Mackerel Mayhem
  |  First Published: May 2010

Fishing in and around Bowen in June is heavily influenced by cold water current lines and the influx of massive bait congregations on the inshore and offshore shoaly mackerel patches. This combination, plus the typically favourable weather patterns, spells the beginning of the spotted, grey and Spanish mackerel run.

This is a favourite time of year for many anglers in Bowen as the inshore mackerel patches really fire up with some of the best mackerel fishing on offer along the east coast of Queensland.

Bowen has two main mackerel patches. The closest is around a 3km run from the Greys Boat Ramp and is easily accessed by a small tinny. Lying in 12-15m of water, this shoaly patch is about 2km long and is fairly flat with no major structure or pinnacles and has a rough shaley/rocky bottom. While structure is minimal, it seems to be enough to attract huge schools of small bait fish, gar and wolf herring; which inturn attracts the schools of spotted, grey mackerel which then inturn attracts the bigger Spanish mackerel.

Don’t be fooled into thinking this patch is too shallow for big pelagic macks as this is a true hot spot in June for big Spanish up to 40kg, with the average size being around 15kg.

The second mackerel patch is a little further out (about another 5km from the first patch) and is also accessible with a small boat on a good day. This patch holds more structure then the first patch and has much deeper water, around the 20-25m mark. Similar to the inner patch, this area is positioned around main current lines and is a major attractant to huge schools of bait.

There are many ways to fish these patches successfully, the most common is to soak a few pilchards on a standard dropper rig with wire trace. Floated baits are also effective and a live fusilier rarely goes untouched in this part of the sea.

If you are not into soaking baits these patches offer some great jigging whether on soft plastic, octo jigs, or metal style lures, like bumper bars. Working metal jigs at high speed either across the top of the water or through the water column is often a very successful technique as well.

Trolling is also an effective technique and the traditional spoon is by far the most successful lure of choice for the smaller mackerel species. For the bigger Spanish mackerel, rigged gar or wolf herring are the gun baits, especially if you can get the baits down deep close to the bottom where the bigger fish tend to lie.

While the inshore patches work well this time of year the wider grounds are probably a lot more consistent, especially the area around Nares Rock near Holbourne Island. This large isolated rock lies about 35km offshore in 30m of open water and is an amazing natural Spanish mackerel FAD and a real hot spot for those keen on trolling. Big rigged wolf herring baits are optimum here though rigged gar is also very effective.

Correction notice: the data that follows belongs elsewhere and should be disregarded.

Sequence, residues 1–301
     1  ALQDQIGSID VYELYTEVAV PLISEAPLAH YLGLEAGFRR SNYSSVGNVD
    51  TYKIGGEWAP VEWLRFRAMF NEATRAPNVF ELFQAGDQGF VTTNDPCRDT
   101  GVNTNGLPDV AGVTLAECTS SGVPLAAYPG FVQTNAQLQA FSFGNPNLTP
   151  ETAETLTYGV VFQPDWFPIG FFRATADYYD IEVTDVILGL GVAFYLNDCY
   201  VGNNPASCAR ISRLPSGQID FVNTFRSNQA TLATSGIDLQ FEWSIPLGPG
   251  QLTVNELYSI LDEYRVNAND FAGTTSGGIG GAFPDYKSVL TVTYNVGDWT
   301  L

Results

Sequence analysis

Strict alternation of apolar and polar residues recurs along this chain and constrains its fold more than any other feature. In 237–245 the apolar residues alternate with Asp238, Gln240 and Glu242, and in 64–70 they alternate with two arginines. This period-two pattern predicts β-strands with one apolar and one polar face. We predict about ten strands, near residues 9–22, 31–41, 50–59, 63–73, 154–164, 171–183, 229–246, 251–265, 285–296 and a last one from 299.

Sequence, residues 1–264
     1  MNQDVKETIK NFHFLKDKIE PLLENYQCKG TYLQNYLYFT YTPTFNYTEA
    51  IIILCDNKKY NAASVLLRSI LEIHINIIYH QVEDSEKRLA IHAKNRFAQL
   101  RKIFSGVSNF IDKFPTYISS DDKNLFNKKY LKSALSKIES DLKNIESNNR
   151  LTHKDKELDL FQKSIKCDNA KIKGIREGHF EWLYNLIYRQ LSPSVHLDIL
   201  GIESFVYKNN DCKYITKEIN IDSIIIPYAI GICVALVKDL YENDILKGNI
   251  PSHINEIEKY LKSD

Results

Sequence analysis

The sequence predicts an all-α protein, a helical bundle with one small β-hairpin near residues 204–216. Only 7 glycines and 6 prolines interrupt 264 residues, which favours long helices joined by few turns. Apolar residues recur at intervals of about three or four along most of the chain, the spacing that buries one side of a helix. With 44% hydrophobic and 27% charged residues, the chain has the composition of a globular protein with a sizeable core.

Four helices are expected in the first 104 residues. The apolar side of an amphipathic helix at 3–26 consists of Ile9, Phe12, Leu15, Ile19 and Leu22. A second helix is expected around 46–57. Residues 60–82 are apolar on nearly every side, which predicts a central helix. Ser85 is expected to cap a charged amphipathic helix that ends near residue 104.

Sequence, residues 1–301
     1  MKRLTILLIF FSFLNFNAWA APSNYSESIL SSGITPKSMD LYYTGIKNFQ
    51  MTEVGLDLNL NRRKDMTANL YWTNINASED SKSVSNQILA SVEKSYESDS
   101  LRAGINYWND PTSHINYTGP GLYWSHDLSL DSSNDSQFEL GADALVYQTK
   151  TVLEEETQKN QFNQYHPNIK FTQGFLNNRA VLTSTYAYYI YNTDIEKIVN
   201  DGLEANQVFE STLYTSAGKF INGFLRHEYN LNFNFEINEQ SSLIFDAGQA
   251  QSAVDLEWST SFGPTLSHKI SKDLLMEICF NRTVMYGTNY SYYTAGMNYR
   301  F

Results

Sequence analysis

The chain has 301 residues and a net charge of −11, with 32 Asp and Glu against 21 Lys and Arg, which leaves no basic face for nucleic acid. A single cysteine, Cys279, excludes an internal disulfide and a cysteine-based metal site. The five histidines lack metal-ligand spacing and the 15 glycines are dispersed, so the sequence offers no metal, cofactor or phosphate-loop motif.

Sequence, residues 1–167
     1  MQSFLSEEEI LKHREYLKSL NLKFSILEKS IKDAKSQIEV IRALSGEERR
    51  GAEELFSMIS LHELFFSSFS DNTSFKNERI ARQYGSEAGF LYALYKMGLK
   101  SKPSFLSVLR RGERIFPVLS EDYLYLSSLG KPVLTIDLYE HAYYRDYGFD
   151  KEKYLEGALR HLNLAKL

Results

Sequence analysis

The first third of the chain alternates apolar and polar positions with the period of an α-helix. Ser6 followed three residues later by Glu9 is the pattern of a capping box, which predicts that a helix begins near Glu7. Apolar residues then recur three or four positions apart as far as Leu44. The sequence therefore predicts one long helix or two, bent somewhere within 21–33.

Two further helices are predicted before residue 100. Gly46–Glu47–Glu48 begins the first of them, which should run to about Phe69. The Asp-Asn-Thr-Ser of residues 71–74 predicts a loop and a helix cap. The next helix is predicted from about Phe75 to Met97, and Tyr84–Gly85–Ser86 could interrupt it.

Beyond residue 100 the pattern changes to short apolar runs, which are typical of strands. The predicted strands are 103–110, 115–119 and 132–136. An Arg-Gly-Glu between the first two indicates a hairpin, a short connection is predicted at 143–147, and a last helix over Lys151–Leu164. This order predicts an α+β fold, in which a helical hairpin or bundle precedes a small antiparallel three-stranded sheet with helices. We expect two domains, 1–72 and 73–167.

Surprisingly the average size of the Spaniards compared to the inshore patch fish is usually down, although what is lost on quality is made up for in quantity with plenty of fish to be caught. This is a true schooling fish spot and therefore most fish are around 10-12kg in size. But there are always a few bigger lone fish to be caught as well.

Holbourne Island itself is also worth a troll, especially on the very eastern end where the current is strongest. The island has plenty of deep water coral ledges that drop from 15m right down to 40m and the crystal clear water makes spotting the baits very easy for hungry mackerel.

While all these spots are very successful mackerel haunts in June, the prime spot will probably be around the Coal Loading Jetty around Abbot Point. There is no secret this spot is a spectacular ‘big Spanish’ spot as the combination of artificial structure and strong currents create an ideal spot for Spanish to congregate. This is a top trolling and jigging spot so please remember that boats should maintain at least 60m from the jetty pylons or wharf faces and be well clear when the big boats come in to dock.

Looking ahead

July usually spells periods of calm weather on the water for Bowen with July being smack bang in the middle of the Bowen mackerel season. This means it will be a great month to get out and nail a few big Spanish along with their smaller spotted and grey cousins.

It is not a bad idea to stock up on your limit of wolf herring as they tend to get very expensive and hard to get once the Spanish start running so stocking up on your five baits now makes a lot of sense.

July is also a great time to take advantage of the clam weather to chase those tasty reef fish and the outer reefs like Olde and the Wallabys are always a great spot to fish for coral trout and big red throat emperor. Close inshore, the many Islands especially Glouster and Middle Island will be prime spots for big bar cheek coral trout and big black spot tuskfish as well.

The jack and barra fishing will drop off as the cold water temps sends them into hibernation. June is a great time to get out the light gear and small hardbodies and plastics and chase the big pikey and yellowfin bream. The cooler weather and water temps really bring these fish on the bite and fish up to 40cm are not uncommon and are great fun on light tackle. Hardbody lures like Jackal Chubbbies and Eco Gear SX40s and small plastics, around the 2-3” size, are an excellent choice, and don’t forget to throw a blade or two in for good measure.

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